I love music but I can’t play it. My brain just can’t get my fingers to go along. Chord progressions? String bending? Hell, I can barely type—I’m strictly a two-finger banger. Why did I write Long Gone Daddies? Because I couldn’t play it on guitar.
Well, that’s one answer. It’s even partly true. But the fact is, I’m not a frustrated musician. I’m an inspired writer—inspired by the songs and singers I love, and by the writers who have that lyrical way with words, who make music on the page. For me, there’s no distinction between Bob Dylan and William Faulkner, Flannery O’Connor and Blind Willie Johnson. Or, while I’m at it, William Shakespeare and the one they called “the Hillbilly Shakespeare,” Hank Williams.
So it seemed like the most natural thing in the world when I sat down to write Long Gone Daddies, a novel about a rock ’n’ roll band on the road to the devil knows where. Turns out, though, I wasn’t in such good company after all. Turns out I was pretty much on my own. Turns out nobody—well, damn near nobody—writes rock ’n’ roll novels.
Think of your favorite music books. Nonfiction, right? Mine all are. They’re memoirs (Dylan’s Chronicles, Keith Richards’s Life) or biographies (Peter Guralnick’s two-volume tale of Elvis, Nick Tosches’s Hellfire) or deep riffs on songs and the ghosts who sang them (Greil Marcus’s Invisible Republic, Stanley Booth’s Rythm Oil).
Why don’t people write rock ’n’ roll novels? Long after I finished mine, I got an answer, of sorts. This was at the Sewanee Writers’ Conference three years ago, when I signed up for a one-on-one meeting with a New York City literary agent. I was nervous, and I knew the odds, but one thing gave me hope: I had a pitch she hadn’t heard before, a book she hadn’t read a hundred times already. I thought, naively, that this was a good thing. Then she asked what my novel was about.
Well, I wanted to say something eloquent but not have it come out sounding pretentious. I wanted to say something like, “It’s the story of three generations of musicians and the guitar they play—or rather, that plays them.” I wanted to say, “It’s a family saga of fathers, sons, and other strangers at the crossroads of fame and reckoning.” I wanted to talk about universal themes, played loud through a busted amp.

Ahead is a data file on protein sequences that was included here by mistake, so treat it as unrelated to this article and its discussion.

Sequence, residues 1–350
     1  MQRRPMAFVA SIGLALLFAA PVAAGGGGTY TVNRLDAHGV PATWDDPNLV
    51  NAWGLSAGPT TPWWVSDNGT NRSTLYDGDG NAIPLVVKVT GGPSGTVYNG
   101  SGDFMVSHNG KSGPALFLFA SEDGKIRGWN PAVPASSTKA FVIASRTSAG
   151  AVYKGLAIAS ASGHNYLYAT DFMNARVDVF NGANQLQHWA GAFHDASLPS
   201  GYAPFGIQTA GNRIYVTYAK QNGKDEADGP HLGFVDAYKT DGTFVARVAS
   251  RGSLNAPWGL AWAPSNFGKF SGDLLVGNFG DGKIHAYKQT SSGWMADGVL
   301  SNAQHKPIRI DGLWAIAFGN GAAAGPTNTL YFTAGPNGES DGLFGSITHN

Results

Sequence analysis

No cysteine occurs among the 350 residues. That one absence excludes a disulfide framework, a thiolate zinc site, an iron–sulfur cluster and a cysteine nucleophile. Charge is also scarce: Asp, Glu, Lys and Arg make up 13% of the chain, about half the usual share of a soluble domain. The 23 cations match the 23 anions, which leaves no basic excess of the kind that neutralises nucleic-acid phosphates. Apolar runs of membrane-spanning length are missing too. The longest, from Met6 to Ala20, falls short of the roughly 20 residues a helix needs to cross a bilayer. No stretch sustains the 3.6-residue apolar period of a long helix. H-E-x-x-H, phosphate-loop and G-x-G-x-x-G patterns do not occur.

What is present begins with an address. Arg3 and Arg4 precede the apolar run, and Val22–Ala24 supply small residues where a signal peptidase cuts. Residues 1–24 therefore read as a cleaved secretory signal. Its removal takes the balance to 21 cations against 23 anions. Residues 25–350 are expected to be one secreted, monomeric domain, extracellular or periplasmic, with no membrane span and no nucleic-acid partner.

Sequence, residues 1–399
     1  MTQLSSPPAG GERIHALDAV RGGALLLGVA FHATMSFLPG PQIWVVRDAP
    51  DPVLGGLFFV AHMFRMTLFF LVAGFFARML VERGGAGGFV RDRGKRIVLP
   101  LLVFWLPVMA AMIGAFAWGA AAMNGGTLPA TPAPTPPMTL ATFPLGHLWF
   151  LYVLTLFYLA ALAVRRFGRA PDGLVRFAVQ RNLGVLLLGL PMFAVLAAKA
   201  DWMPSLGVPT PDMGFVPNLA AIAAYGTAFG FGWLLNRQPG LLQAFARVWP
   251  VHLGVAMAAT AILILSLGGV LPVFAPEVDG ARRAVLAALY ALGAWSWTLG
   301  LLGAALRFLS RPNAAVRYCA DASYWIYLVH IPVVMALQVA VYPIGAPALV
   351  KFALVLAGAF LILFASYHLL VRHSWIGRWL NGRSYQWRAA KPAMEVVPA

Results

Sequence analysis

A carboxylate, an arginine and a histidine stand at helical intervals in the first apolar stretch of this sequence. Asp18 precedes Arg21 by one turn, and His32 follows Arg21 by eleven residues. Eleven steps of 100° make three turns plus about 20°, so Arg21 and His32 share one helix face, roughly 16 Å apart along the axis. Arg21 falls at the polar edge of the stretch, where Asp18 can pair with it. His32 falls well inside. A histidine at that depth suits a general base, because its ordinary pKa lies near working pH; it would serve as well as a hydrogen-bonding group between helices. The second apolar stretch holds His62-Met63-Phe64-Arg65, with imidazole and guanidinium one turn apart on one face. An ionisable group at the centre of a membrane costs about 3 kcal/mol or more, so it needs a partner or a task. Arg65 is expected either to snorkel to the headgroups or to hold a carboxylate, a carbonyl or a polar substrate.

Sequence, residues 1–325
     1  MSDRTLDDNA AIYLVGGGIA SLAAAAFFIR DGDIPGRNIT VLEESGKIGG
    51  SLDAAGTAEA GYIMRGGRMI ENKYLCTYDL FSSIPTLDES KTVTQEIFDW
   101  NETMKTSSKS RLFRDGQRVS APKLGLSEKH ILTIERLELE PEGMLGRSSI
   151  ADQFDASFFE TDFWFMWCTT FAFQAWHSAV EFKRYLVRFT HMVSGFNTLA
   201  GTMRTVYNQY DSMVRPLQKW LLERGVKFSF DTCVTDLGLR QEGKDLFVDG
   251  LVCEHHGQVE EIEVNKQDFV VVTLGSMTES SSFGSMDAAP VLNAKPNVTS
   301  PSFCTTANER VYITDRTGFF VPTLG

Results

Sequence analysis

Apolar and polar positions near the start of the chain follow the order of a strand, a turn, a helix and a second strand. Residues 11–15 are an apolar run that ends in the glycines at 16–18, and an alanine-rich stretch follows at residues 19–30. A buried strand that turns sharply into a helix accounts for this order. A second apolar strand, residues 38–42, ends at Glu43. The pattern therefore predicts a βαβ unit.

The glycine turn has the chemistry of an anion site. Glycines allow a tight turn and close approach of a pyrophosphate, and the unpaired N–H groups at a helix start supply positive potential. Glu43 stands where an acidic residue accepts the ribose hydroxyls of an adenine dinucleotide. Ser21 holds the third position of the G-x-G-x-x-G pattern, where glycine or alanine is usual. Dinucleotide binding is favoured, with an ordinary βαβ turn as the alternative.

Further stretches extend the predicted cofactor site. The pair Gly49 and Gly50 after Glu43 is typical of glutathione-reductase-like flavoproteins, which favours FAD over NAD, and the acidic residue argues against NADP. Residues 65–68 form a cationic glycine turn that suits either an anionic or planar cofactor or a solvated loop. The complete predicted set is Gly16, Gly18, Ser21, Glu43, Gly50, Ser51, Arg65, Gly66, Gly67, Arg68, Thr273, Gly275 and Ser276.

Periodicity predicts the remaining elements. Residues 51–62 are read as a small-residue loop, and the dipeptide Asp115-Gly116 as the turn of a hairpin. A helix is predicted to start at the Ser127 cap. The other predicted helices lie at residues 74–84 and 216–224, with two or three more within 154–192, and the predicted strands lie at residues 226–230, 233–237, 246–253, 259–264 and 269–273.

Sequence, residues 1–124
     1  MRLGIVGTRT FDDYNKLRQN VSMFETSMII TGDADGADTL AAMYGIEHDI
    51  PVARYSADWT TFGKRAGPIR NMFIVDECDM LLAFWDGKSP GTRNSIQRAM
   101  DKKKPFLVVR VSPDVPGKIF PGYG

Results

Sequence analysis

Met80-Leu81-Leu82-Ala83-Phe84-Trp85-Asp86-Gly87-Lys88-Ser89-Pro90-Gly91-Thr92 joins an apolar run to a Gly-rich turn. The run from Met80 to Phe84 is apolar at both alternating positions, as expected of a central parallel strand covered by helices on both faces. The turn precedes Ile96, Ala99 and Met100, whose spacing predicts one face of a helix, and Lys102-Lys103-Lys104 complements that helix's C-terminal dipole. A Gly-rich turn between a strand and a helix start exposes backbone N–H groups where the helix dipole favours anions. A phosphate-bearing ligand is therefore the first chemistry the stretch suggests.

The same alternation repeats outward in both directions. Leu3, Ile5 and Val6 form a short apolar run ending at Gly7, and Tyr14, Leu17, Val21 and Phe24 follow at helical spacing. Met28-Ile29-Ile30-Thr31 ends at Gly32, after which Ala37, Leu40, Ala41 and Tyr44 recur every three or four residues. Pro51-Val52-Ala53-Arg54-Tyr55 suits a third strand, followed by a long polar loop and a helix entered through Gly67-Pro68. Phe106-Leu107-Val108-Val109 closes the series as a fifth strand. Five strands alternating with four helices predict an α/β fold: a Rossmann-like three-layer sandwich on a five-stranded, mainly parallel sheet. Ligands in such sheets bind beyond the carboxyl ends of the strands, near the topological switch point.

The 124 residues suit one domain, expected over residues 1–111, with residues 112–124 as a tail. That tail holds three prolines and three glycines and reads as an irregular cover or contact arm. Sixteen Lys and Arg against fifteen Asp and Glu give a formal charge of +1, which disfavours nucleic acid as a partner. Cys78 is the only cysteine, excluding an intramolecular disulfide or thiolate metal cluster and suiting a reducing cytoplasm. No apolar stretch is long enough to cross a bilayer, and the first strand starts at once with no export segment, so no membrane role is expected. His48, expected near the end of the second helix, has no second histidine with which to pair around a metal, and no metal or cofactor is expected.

Instead, I blurted out, “It’s about a rock ’n’ roll band.”
The words had barely made it out when she said, “Nobody buys rock ’n’ roll novels.” (This, mind you, was the same summer A Visit from the Goon Squad came out.) She seemed aghast, offended. I thought she might come across the table and smack me one for wasting her time, if not my own.
So I had my answer: nobody writes ’em because nobody reads ’em. I know, I know, it sounds like one of those Zen koans you can’t get your brain around. Like, you know, how do you unwrite a book?
So I walked out of my meeting with the New York City literary agent thoroughly demoralized. My big chance at last, and she’d all but said, “Why, you blasted fool, what were you thinking?”
And yet I had hope. It was safe inside my hard head, which was convinced as ever that there was an audience for rock ’n’ roll novels. I saw it all around me when I’d go to a Dylan concert. I saw it in Memphis, where I live—tourists from around the world lining up outside Sun Records to visit the little storefront where Sam Phillips cut those sublime records by the likes of Elvis, Johnny Cash, and Howlin’ Wolf.
But ultimately, it didn’t matter. See, the book wasn’t a product of my hard head. It was one from the heart—and in that regard, it didn’t matter if the thing was ever published. Because that’s my philosophy on all this—my advice on writing, should anyone ask: write the book you’re passionate about, and pay no heed to fashions, trends, or what else is on the shelf or the bestseller list. Write the book only you could write. Write the book you’d love to read.
This is mine. Play it loud.